Research

Bilingual word learning: segmenting words from two languages in a mixed language enviornment.

Parents often mix two languages in bilingual homes. This presents a challenge to bilingual infants because they need learn words separately from each of the two languages, but it is unclear which language the words are coming from in a language mixing environment. Further, the syllable-based transitional probability across the two languages may be in conflict with each other when the two languages share some syllables in common. In collaboration with Dr. Christopher Fennell and Dr. Erik Thiessen, I investigate how learners (both infants and adults) handle the challenges of statistically segmenting words from two overlapping languages when the language environment is mixed.

Use of large-scale, multiple site data to study infant language and cognitive development.

Young infants have short attention spans, often refuse to participate in experiments and are difficult to recruit in large numbers. The small samples in infant experiments lead to concerns of both type II errors (lack of power) and type I errors (spurious, non-replicable findings driven by noise in small samples), and more broadly, a lack of generalizability of key findings in infancy. To solve this problem, I use large-scale and multiple site data to study infant language development (through my involvement in Manybabies Consortium) and meta-analytical methods to summarize findings across different studies in the literature. Further, I am interested in exploring innovative statistical methods to foster the development of best research practice in infancy research (e.g., finding the appropriate statistical analysis for small samples).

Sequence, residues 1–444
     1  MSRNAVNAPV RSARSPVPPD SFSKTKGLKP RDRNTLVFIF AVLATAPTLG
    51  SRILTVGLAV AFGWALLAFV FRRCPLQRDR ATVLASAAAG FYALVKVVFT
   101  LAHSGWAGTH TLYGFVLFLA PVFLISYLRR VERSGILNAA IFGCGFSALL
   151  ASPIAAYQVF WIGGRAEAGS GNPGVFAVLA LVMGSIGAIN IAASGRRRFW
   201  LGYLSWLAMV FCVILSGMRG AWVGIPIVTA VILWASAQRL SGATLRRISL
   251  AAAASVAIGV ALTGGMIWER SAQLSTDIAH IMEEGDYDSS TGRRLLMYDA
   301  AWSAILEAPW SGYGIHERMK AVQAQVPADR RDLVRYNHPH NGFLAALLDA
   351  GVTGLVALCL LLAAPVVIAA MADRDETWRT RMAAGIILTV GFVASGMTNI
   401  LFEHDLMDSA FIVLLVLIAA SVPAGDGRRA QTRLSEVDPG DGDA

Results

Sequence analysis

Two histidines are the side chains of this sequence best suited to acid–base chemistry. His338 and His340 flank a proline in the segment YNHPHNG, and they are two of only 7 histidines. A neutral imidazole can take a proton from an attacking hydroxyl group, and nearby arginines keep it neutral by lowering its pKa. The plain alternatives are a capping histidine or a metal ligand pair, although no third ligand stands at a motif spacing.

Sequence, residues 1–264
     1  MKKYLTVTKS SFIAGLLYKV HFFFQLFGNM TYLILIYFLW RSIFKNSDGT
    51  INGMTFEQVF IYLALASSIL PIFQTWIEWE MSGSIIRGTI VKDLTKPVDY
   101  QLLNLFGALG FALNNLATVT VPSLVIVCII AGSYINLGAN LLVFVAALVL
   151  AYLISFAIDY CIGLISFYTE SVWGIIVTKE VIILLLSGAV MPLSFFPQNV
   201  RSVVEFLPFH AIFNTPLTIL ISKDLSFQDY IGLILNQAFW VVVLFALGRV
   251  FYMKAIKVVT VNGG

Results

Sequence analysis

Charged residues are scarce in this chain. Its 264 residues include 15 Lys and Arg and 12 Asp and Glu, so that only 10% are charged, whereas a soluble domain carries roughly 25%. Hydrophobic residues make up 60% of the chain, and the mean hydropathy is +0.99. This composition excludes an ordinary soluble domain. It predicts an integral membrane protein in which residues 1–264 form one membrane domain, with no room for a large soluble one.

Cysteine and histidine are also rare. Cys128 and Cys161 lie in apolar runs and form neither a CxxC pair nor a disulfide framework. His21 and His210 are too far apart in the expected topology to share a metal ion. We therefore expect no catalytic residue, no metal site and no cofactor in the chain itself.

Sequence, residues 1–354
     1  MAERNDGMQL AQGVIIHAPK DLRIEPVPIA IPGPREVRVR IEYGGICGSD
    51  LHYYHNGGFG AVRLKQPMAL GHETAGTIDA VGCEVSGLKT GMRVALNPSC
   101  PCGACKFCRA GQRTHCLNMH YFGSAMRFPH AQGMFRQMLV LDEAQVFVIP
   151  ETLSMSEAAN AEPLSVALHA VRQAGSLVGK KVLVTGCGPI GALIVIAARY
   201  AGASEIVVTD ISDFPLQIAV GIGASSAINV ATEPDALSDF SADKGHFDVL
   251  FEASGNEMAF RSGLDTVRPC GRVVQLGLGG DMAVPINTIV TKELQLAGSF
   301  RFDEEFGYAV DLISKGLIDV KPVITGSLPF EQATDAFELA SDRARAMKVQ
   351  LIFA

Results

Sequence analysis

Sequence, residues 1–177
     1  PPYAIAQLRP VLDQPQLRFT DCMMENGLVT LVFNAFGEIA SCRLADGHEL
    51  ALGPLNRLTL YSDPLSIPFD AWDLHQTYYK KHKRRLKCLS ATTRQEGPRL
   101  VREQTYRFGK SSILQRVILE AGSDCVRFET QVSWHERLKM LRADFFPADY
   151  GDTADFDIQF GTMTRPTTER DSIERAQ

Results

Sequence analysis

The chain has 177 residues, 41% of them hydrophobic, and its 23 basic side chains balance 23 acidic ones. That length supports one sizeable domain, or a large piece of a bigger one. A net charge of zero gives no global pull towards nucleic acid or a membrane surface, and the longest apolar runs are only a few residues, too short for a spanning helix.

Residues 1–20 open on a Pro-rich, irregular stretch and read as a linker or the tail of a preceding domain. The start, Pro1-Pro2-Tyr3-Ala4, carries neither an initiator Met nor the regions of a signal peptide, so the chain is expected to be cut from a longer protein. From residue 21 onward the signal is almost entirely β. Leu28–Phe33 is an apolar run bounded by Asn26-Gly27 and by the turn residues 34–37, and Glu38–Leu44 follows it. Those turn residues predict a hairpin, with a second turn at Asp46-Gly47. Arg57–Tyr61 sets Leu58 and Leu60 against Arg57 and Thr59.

Children’s future thinking: what underlies children’s saving behavior?

Young children’s ability to save emerges during the preschool years (age 3 to 5), but very little is known about what underlies its development. In particular, I am interested in what motivates children to save for their future. Research with adults suggests that feeling connected to one’s future self (future self-connectedness) and the ability to think about the future (episodic future thinking) increases saving behaviors. In collaboration with Dr. Cristina Atance, I investigate whether preschoolers’ future self-connectedness and episodic future thinking predict their saving behavior.